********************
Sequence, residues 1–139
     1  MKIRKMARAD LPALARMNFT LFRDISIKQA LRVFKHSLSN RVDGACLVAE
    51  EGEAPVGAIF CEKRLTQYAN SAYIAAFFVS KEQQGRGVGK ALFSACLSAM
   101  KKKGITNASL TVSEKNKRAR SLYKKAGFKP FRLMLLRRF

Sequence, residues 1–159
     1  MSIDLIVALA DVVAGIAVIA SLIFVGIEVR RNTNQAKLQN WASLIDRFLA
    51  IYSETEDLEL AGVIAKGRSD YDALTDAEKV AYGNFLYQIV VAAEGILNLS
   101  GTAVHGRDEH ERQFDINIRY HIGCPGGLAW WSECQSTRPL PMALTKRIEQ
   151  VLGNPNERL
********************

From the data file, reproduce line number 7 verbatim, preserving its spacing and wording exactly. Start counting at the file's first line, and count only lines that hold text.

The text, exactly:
    51  IYSETEDLEL AGVIAKGRSD YDALTDAEKV AYGNFLYQIV VAAEGILNLS